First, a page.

Cybercrime , Fraud Management & Cybercrime , Social Engineering

US Indicts 6 India Call Centers for Scams Targeting Seniors

'Tens of Millions' Targeted by Call Center Operators Posing as IRS Officials
US Indicts 6 India Call Centers for Scams Targeting Seniors

The U.S. Attorney’s Office for the Northern District of Georgia has indicted six India-based call centers and their directors for conspiring with Voice over Internet Protocol provider e-Sampark in attempts to defraud U.S.-based victims.

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Kurt Erskine, the U.S. attorney for the Northern District of Georgia, says the indicted call centers made initial scam calls, and then e-Sampark, through its VoIP service, forwarded "tens of millions of scam calls" to American consumers. "These India-based call centers allegedly scared their victims and stole their money, including some victims’ entire life savings," says Erskine.

The names of the indicted call centers are Achivers A Spirit of BPO Solutions Private Limited, Fintalk Global, Global Enterprises, Shivaay Communication Private Limited, SM Technomine Private Limited and Technomind Info Solutions.

India-based call center operators posing as IRS officials have been scamming U.S. citizens for years now. One of the earlier cases dates back to October 2016 when Mumbai Police cracked down on five scam centers operating out of Thane, Mumbai.

The call center operators impersonated IRS tax investigators, and police found that to avoid facing investigation, many victims paid between $500 and $60,000 in gift cards.

Triveni Singh, superintendent of police for Cybercrime at Uttar Pradesh Police, has been involved in most of the crackdowns on fake call centers in India, including the one in 2016.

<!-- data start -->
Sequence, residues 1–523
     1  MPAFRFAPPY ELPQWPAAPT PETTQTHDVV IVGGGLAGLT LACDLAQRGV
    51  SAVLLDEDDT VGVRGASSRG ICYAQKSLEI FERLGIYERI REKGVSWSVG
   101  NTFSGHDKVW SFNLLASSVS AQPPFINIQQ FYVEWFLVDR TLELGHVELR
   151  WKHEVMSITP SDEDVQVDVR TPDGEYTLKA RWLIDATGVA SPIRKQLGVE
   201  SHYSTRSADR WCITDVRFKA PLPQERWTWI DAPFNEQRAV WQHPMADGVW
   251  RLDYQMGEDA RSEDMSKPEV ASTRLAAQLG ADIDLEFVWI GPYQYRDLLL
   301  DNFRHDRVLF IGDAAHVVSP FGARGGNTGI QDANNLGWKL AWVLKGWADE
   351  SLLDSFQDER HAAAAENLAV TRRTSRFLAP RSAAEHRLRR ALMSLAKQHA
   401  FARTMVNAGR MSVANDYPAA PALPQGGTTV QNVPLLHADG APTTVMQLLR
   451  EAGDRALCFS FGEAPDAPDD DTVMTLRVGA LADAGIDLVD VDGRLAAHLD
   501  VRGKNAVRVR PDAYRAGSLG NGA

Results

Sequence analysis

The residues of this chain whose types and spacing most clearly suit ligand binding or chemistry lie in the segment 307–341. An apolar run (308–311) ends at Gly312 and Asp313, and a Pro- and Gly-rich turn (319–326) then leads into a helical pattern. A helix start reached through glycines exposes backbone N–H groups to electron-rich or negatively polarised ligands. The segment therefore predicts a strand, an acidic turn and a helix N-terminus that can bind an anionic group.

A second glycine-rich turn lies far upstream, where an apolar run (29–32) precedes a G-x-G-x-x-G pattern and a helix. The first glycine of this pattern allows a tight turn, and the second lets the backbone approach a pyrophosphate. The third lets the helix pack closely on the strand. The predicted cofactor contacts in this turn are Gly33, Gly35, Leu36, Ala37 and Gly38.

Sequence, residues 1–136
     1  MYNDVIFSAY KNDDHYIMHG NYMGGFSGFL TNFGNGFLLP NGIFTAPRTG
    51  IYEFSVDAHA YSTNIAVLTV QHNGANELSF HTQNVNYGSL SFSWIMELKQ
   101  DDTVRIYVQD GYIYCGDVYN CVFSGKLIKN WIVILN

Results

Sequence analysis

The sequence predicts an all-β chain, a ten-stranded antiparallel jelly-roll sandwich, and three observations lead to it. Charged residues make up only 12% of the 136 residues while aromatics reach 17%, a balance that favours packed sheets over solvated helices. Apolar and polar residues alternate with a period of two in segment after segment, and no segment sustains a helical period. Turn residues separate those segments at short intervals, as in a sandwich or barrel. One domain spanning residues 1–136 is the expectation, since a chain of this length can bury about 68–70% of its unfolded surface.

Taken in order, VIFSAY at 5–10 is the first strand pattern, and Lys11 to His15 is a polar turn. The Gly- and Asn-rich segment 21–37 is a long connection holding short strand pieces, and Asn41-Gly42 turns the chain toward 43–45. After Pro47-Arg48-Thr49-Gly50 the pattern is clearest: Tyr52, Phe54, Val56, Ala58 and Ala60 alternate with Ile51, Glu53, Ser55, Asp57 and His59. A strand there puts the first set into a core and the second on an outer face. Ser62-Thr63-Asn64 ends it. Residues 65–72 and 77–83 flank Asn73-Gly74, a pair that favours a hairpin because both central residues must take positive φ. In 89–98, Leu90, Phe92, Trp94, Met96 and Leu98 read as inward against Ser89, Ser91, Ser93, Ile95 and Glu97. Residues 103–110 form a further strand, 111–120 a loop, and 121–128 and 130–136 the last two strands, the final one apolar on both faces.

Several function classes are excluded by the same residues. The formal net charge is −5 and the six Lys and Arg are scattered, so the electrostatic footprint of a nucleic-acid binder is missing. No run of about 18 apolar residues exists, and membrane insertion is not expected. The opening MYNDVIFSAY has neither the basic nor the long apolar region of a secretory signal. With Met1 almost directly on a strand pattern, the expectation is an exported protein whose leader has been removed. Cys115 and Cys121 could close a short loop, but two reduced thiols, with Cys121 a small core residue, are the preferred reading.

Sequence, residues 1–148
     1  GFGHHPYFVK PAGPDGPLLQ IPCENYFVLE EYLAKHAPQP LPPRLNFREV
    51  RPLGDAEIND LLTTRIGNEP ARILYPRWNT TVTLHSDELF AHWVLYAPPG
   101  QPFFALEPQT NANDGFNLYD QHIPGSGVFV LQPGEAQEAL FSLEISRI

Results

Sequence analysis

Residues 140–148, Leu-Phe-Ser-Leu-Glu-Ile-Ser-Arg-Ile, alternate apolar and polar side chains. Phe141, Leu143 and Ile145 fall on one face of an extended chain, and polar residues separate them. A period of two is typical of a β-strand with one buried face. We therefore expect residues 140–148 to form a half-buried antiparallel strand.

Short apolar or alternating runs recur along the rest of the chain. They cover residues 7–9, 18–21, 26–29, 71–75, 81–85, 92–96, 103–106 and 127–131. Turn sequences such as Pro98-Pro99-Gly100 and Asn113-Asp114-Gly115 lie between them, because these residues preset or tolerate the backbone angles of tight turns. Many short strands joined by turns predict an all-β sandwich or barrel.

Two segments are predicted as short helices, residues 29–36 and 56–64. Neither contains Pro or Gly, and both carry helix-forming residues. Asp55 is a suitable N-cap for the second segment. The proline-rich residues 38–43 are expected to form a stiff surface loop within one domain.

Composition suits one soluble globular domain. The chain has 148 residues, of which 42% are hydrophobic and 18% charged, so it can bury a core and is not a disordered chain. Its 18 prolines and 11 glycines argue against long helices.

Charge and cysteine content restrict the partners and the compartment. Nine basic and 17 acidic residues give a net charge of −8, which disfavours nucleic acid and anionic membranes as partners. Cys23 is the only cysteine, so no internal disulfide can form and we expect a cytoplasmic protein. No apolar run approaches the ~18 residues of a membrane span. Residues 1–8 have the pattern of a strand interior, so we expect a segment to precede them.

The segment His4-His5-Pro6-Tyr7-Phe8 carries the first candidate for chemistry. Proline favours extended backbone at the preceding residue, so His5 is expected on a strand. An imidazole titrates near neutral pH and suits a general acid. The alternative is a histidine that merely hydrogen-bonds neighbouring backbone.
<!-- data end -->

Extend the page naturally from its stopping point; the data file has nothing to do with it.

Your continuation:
Singh tells ISMG that in the 2016 raid, investigations revealed that the scammers targeted American and Canadian citizens. "The operators had the full profile of citizens from leaked IRS databases. The scammers - most of them in the 20-22 age group - spoke in a fake accent and assumed the identities of federal agents," he says.

Scammers also target Indian citizens. In March 2018, Noida Special Task Force's cyber wing arrested 105 scammers for defrauding victims out of 2 billion rupees ($26.8 million) by posing as insurance agents from reputed companies and representatives of well-known e-commerce firms.

Singh says that the police view these scams seriously, and the people found guilty are sent straight to jail.


On Nov. 17, 2020, e-Sampark and its director, Guarav Gupta, were indicted for pushing scam calls to U.S. consumers on behalf of India-based phone scammers. Byung J. Pak, the U.S. attorney for the Northern District of Georgia at that time, said that e-Sampark and its director had "bombarded" American consumers, especially the elderly, with scam calls leading to emotional and financial devastation.

The crackdown on scam call centers targeting senior citizens is led by the U.S. Justice Department's Transnational Elder Fraud Strike Force, which was established in June 2019 to investigate and prosecute individuals and entities associated with foreign-based fraud schemes targeting the elderly population in the U.S.

In addition to IRS and tech support scams, Andrew Barratt, vice president of technology and enterprise at cybersecurity advisory firm Coalfire, tells ISMG that romance scams hit a new high of more than $300 million - costing upward of $2,500 per event, according to FTC reports.